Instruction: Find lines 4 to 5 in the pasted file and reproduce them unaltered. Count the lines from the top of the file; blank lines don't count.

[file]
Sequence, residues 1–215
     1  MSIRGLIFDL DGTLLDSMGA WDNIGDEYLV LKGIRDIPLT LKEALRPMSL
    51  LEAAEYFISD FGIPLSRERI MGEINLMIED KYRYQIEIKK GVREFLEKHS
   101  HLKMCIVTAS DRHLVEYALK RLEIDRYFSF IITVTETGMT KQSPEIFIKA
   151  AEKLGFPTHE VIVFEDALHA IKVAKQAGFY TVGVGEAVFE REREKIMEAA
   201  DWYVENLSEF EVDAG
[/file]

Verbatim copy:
   101  HLKMCIVTAS DRHLVEYALK RLEIDRYFSF IITVTETGMT KQSPEIFIKA
   151  AEKLGFPTHE VIVFEDALHA IKVAKQAGFY TVGVGEAVFE REREKIMEAA